North. The chill does not get more mardy in its delivery than direct from the pole. So the berries told us, and we knew it to be grave, but they were bonny in their prediction too and they lit the back roads for us with bright skin-light, even as the first flurrying daads came to the fells, the becks stiffened and closed, and the feathers of rooks began sticking to stone walls as they perched. The almanac adjusted, and the calendar seemed to lean forward, heavy with the weight of the plants’ red peel.

Magda had not been well all year. She’d been bleeding too much, and there were knots inside her, under her arms, in her breasts and groin. They felt pliant and soft-gristled in her body like wasps nests when she put my fingers to them saying better I knew and wasn’t afraid to touch her. And she was weary, weary well past her age. I’d washed her clothes for her, every day when she needed them changed and hadn’t the strength to soak and scrub them herself. I hadn’t minded it, she’d no mother to fill the tubs, and better me than one of the men in her family, to save her the laj and the blush.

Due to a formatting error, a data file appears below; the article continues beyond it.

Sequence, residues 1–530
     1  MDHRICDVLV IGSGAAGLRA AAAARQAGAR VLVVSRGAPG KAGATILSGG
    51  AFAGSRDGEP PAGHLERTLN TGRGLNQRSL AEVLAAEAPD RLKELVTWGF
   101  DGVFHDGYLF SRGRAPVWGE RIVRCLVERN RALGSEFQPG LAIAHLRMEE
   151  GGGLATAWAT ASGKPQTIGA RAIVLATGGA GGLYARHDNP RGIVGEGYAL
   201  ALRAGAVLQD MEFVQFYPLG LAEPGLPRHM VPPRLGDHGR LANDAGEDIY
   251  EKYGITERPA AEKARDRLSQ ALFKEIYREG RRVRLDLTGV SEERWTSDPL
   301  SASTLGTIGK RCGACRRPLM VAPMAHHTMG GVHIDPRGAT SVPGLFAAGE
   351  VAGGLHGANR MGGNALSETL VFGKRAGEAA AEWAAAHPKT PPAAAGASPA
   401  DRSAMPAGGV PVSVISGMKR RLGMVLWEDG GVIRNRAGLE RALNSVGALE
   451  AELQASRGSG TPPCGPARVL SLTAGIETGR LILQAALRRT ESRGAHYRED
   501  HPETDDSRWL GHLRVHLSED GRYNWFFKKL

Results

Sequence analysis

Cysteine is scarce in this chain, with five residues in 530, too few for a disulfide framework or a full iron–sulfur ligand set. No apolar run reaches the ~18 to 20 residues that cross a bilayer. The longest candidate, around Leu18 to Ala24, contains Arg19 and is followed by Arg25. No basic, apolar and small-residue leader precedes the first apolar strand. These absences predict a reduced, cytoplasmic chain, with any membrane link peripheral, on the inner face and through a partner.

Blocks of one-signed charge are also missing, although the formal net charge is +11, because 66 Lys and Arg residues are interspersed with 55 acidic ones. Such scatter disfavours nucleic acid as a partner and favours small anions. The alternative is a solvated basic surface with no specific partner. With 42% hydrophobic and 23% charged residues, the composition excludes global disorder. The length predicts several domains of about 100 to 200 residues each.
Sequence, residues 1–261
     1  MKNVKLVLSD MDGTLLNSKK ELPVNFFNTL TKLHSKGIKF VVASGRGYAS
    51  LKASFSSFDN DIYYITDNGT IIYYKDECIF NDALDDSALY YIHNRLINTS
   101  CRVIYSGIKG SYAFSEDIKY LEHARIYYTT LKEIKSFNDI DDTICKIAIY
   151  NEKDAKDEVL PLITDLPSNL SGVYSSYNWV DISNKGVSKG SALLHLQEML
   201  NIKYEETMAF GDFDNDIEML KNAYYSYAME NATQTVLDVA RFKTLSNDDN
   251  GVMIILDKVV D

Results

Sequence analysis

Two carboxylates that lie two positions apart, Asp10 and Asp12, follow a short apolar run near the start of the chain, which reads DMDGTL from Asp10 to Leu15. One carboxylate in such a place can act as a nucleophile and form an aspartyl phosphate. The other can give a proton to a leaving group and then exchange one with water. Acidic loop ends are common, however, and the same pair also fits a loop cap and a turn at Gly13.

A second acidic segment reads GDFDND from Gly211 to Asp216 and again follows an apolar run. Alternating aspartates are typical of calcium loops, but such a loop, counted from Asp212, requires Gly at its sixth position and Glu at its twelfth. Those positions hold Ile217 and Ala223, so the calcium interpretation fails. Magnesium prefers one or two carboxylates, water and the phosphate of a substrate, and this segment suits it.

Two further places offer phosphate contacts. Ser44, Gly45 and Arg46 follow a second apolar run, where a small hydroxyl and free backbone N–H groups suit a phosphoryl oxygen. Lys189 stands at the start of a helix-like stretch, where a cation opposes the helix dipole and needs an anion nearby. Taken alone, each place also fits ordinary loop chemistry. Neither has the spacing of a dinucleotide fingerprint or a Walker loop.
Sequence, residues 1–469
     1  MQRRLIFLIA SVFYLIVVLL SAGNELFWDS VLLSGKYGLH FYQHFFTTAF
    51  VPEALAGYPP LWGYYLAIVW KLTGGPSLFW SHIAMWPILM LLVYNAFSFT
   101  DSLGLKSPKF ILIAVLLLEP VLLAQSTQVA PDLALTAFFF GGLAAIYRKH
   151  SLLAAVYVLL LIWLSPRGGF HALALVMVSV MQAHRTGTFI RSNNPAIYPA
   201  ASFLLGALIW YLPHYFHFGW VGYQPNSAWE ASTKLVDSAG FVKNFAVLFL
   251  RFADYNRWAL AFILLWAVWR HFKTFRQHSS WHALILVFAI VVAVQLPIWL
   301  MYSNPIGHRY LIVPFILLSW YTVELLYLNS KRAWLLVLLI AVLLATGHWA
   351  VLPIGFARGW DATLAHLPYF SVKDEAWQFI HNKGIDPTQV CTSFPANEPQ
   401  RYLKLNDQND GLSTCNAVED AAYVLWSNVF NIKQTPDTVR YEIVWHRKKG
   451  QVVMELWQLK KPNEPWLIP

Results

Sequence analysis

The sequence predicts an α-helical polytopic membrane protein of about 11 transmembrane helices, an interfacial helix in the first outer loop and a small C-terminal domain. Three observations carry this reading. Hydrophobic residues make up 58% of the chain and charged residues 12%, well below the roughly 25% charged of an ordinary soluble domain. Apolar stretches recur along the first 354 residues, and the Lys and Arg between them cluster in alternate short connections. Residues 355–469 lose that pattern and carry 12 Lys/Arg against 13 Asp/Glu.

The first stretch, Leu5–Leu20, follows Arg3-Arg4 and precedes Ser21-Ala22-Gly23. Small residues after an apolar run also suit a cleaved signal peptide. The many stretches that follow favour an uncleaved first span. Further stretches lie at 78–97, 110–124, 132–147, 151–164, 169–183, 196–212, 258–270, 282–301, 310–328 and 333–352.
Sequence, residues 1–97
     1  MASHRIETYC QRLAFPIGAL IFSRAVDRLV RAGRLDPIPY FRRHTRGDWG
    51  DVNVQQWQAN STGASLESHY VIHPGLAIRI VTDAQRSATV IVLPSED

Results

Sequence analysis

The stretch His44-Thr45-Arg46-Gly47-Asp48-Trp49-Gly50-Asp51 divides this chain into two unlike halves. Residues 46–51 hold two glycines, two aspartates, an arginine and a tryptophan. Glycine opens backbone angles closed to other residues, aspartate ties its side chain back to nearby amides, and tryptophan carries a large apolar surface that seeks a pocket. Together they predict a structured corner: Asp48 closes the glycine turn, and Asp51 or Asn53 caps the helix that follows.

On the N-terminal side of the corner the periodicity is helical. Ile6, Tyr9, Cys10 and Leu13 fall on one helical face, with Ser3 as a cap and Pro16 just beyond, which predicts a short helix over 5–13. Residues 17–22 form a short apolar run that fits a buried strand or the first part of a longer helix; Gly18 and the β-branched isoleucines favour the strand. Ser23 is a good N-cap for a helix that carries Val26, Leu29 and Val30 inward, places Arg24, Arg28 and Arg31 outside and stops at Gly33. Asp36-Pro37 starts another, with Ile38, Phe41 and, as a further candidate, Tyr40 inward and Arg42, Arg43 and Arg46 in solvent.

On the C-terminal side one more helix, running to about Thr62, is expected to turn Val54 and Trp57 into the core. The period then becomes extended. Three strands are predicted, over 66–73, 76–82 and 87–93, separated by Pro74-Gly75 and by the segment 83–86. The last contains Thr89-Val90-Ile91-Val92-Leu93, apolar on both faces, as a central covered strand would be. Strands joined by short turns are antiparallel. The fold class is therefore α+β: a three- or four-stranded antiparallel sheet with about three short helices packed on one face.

Her father had taken her to the doctor twice that summer and nothing came of it for he was ignorant of what might cause the condition. There was an idea that one of the rosy glands of her brain was being interfered with, it was blooming too much, in behind her skull where it couldn’t be reached, and that to me seemed most unfair. She was beautiful and birdy through her bones, Magda, and the thought of moving those bones around nigh on broke my heart.